How management control systems enable and constrain integrated thinking

Dimes, Ruth and de Villiers, Charl (2021). How management control systems enable and constrain integrated thinking. Meditari Accountancy Research, 29(4) pp. 851–872.



Purpose This paper aims to examine how management control systems (MCS) can enable and constrain the successful adoption of integrated thinking in an organisation.
Design/methodology/approach The study adopts a case study approach, involving in-depth interviews and documentary evidence.
Findings The case study organisation perceived trust to be critical to the successful adoption of integrated thinking, and informal social controls with strong endorsement from senior management frequently substituted for more formal technical controls in helping to develop a trust-based organisational culture. These cultural changes improved collaboration and brought economic benefits by encouraging outcome-based decision-making rather than capital-based decision-making, thereby enabling employees to identify and address poorly performing projects earlier. However, established performance measurement systems geared towards reporting and rewarding accounting profits created tension, constraining the potential benefits of integrated thinking by reinforcing business unit protectionism.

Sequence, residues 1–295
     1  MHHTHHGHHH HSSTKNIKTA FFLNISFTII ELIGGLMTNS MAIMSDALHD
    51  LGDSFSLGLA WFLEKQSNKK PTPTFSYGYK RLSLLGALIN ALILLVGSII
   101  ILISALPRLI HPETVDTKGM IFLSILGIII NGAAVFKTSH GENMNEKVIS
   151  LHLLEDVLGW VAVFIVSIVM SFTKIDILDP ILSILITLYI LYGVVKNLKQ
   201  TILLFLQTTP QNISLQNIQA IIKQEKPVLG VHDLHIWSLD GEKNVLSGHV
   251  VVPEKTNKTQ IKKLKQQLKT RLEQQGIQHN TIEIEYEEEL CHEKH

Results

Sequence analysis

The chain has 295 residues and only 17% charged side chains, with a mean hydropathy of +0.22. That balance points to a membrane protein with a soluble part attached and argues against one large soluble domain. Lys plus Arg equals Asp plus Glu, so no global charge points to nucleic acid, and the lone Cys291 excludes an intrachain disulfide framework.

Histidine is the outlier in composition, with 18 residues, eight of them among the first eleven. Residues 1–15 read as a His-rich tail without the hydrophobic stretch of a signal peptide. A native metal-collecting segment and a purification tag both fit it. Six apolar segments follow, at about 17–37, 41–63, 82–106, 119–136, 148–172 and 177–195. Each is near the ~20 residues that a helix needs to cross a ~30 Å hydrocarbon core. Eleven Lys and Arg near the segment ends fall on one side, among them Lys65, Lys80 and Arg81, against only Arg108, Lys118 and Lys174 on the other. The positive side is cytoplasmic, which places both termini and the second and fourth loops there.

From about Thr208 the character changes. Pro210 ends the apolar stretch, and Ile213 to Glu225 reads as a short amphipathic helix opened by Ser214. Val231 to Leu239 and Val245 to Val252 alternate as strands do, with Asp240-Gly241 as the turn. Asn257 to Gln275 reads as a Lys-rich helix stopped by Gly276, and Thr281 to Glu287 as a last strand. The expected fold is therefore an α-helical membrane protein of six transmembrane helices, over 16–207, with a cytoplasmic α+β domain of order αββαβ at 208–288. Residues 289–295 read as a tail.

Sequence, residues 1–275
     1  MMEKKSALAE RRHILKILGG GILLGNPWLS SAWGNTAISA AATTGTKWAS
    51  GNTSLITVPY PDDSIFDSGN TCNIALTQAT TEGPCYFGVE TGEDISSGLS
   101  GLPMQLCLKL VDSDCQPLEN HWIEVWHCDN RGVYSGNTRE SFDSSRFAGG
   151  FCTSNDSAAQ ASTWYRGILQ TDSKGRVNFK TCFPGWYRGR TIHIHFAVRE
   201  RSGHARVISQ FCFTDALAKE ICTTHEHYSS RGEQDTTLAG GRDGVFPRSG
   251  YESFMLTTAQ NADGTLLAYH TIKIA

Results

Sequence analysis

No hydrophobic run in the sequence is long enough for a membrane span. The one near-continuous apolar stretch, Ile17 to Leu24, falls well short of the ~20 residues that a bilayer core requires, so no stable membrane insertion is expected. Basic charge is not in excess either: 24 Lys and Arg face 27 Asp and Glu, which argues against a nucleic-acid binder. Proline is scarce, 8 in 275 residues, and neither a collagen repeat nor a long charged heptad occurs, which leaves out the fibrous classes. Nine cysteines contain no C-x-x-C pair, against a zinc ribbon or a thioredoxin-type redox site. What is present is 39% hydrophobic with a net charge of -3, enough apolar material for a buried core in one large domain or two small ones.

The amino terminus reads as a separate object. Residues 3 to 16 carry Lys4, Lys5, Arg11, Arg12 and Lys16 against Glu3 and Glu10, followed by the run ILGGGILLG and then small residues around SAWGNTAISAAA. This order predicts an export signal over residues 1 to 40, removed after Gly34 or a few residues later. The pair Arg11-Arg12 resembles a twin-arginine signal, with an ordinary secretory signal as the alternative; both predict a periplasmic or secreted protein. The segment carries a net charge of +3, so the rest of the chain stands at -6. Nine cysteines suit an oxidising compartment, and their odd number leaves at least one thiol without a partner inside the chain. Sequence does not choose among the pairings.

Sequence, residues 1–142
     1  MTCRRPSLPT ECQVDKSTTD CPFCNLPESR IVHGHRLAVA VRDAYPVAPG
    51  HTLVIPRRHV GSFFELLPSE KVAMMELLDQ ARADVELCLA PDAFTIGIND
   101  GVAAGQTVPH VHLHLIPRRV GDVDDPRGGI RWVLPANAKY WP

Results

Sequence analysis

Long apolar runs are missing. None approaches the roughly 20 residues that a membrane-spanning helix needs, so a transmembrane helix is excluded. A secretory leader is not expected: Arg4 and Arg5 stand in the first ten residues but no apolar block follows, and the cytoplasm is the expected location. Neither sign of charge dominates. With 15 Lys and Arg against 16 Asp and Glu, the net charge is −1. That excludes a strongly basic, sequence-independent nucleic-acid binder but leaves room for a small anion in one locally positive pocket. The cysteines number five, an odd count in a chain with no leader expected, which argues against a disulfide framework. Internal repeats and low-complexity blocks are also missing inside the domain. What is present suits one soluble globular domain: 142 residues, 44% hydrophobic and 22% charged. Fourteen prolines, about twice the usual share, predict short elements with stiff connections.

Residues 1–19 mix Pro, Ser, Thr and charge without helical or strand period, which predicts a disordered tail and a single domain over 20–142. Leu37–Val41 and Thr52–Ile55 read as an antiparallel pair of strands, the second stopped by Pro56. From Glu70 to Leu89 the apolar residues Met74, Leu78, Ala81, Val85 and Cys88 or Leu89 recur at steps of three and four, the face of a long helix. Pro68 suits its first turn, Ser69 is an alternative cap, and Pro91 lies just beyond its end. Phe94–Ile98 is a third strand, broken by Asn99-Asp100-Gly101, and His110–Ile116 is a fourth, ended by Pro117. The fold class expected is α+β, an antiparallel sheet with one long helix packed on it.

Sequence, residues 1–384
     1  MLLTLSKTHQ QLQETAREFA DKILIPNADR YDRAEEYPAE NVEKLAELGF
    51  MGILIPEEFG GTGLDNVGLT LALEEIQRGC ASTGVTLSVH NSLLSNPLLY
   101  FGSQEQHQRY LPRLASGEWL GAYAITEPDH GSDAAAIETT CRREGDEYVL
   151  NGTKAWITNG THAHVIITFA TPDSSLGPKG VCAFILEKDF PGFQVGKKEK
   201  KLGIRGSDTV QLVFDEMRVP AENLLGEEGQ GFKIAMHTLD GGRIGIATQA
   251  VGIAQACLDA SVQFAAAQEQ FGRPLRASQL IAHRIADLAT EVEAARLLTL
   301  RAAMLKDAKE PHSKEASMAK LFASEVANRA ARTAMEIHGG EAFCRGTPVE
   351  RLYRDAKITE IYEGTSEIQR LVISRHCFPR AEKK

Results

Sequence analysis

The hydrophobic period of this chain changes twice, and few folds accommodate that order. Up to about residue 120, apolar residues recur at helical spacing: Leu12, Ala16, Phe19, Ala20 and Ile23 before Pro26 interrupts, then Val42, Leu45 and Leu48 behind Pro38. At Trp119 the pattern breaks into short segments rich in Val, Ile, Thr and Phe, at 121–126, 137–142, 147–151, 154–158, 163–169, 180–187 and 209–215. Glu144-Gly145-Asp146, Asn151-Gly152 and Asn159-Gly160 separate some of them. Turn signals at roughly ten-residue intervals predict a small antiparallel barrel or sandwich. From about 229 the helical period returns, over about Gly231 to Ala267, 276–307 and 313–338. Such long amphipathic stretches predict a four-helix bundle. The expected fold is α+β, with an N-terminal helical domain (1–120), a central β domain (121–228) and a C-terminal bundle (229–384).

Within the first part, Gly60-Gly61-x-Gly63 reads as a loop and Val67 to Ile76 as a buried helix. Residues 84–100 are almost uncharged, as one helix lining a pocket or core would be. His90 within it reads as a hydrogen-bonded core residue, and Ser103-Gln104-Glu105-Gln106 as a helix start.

Practical implications Integrated thinking can be seen as a form of management with the potential to improve organisational outcomes. An improved understanding of factors that might enable or constrain integrated thinking could facilitate its spread.
Originality/value Despite several calls for research on the practical implementation of integrated thinking, this has not been studied extensively. To the best of the authors’ knowledge, this study is one of the firsts to contribute to a better understanding of the role of MCS in the successful implementation of integrated thinking in an organisation. The study also contributes to the MCS literature.

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